Ever since the first case of citrus greening was detected in Florida in 2005, the citrus industry in the state has been struggling. Naturally, the search for solutions to the problems of greening is on, with various research labs and numerous growers all searching for an answer.
Among these groups is the Citrus Research and Field Trial (or CRAFT) Foundation. Since 2019, the CRAFT Foundation has supported growers who are experimenting with various means of addressing citrus greening in their operations, such as alternate varieties, nutritional supplements, or grove maintenance practices. Program Director Tamara Wood sums up CRAFT as “a grower-driven field trial and demonstration program…a next step or a new approach to the fight against greening.”
So far, CRAFT has worked with growers to develop a total of 103 projects accounting for nearly 4,700 acres of newly planted solid and reset citrus groves across 15 counties, covering all of the major citrus-growing regions in Florida.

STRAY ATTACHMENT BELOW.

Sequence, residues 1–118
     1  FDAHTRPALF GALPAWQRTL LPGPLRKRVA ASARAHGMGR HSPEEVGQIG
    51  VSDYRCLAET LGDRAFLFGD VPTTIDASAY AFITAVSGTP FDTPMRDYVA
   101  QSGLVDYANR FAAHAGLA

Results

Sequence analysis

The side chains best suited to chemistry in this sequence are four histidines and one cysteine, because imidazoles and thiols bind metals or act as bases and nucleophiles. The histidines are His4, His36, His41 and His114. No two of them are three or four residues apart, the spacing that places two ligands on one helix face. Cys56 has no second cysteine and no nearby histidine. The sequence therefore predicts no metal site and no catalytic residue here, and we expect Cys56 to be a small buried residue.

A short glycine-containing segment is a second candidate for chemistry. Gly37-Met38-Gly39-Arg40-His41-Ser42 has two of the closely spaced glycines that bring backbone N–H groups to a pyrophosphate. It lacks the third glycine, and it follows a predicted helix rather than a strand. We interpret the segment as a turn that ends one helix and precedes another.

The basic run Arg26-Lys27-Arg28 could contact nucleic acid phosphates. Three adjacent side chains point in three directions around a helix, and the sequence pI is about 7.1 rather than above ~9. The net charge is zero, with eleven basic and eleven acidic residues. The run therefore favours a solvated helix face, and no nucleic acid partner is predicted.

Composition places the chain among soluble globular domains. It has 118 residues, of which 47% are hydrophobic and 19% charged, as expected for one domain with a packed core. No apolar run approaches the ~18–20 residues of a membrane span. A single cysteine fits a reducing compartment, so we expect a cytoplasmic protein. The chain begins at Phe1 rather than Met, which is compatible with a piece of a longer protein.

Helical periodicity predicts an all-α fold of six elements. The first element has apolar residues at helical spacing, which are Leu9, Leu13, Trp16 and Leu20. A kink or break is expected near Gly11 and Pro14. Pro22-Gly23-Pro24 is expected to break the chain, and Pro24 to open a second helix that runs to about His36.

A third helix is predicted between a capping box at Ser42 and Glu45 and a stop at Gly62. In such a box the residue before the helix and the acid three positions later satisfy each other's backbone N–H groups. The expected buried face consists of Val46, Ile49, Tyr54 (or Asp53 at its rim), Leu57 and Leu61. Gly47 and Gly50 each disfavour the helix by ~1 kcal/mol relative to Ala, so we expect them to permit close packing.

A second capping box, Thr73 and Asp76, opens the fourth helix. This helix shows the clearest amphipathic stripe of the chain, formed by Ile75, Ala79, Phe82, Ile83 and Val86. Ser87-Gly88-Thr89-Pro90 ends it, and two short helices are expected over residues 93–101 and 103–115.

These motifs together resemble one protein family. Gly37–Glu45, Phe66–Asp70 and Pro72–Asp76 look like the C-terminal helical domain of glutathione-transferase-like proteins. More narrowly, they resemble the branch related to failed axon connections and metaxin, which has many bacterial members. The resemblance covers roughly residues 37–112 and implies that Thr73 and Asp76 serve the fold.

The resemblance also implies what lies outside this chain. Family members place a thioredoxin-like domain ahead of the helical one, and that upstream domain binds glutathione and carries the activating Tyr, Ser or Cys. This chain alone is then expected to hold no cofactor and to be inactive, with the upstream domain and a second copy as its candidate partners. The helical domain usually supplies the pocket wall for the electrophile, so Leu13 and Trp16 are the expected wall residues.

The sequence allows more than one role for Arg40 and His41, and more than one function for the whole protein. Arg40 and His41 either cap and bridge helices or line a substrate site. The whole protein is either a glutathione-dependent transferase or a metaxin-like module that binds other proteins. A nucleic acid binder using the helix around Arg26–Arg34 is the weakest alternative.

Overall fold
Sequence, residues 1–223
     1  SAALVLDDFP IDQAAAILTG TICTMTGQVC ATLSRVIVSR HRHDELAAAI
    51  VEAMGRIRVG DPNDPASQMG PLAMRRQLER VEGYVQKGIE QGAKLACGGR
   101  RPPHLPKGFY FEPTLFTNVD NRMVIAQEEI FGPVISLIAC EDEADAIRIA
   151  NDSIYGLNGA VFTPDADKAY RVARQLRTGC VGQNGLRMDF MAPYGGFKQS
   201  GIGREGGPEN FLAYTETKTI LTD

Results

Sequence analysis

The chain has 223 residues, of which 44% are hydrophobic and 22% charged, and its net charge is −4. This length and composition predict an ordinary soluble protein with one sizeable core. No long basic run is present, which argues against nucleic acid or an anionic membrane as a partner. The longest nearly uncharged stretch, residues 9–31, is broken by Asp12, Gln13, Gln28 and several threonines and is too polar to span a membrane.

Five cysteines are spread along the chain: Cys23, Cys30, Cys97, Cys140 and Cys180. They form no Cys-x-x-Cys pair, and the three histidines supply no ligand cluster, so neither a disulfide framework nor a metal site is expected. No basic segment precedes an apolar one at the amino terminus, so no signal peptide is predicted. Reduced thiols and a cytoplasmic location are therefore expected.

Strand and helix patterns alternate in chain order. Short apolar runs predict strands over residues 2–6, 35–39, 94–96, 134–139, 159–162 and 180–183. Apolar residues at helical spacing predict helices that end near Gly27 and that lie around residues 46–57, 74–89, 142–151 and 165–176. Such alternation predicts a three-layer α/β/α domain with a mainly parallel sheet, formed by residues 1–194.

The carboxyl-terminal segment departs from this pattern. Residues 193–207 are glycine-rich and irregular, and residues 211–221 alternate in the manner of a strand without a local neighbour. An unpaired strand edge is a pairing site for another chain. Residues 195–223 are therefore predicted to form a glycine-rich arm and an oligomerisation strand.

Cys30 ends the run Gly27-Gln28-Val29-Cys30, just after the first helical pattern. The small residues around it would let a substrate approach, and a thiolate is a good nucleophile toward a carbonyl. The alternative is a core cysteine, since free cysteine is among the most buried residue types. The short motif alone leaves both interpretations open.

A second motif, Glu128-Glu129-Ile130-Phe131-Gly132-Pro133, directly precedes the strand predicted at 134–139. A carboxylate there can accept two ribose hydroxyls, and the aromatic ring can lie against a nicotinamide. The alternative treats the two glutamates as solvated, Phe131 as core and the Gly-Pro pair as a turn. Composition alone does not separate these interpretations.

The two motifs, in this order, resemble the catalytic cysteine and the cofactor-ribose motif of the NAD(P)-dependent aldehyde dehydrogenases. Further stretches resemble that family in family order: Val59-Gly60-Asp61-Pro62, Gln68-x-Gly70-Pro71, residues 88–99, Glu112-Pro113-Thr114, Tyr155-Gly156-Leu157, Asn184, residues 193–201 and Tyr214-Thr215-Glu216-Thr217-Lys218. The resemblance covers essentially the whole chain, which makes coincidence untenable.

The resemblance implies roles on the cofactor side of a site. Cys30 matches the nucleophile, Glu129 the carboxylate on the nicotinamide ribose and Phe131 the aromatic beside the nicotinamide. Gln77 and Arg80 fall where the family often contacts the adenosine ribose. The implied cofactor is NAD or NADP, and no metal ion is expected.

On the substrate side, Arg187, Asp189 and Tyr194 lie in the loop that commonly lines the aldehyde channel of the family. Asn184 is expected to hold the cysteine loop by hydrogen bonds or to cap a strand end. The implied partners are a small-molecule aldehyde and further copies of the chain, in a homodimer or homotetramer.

“We haven’t found that silver bullet yet,” Wood says. “But we have found a number of treatments and strategies that have shown promise.” However, this promise in a controlled environment may not indicate how effective or economically feasible those solutions are.
And that, she says, is where CRAFT comes in. “We’re partnering with the growers to take these research backed ideas into the groves, to evaluate them in a number of settings.” In the application process, it is up to the grower to identify treatment options they are interested in exploring. But Wood clarifies that this does not mean growers have to continue on their own. “They work with our Technical Working Group to fine-tune a design that allows us to collect scientifically viable data.”
Wood says that this approach helps to “pinpoint what’s working and what isn’t.”
In exchange for a participation payment to the growers, CRAFT is able to collect and compile comprehensive records on each project for a total of six years. All of that data is then entered into one centralized data portal, with the data available to anyone who may be interested in the work CRAFT is doing.
This will allow any grower anywhere in Florida to look at real data that can be sorted by regions, rootstocks, or factors being used, and look at both the cost and effectiveness of the factors being used.
Hopefully, this data will help growers across the state succeed against citrus greening.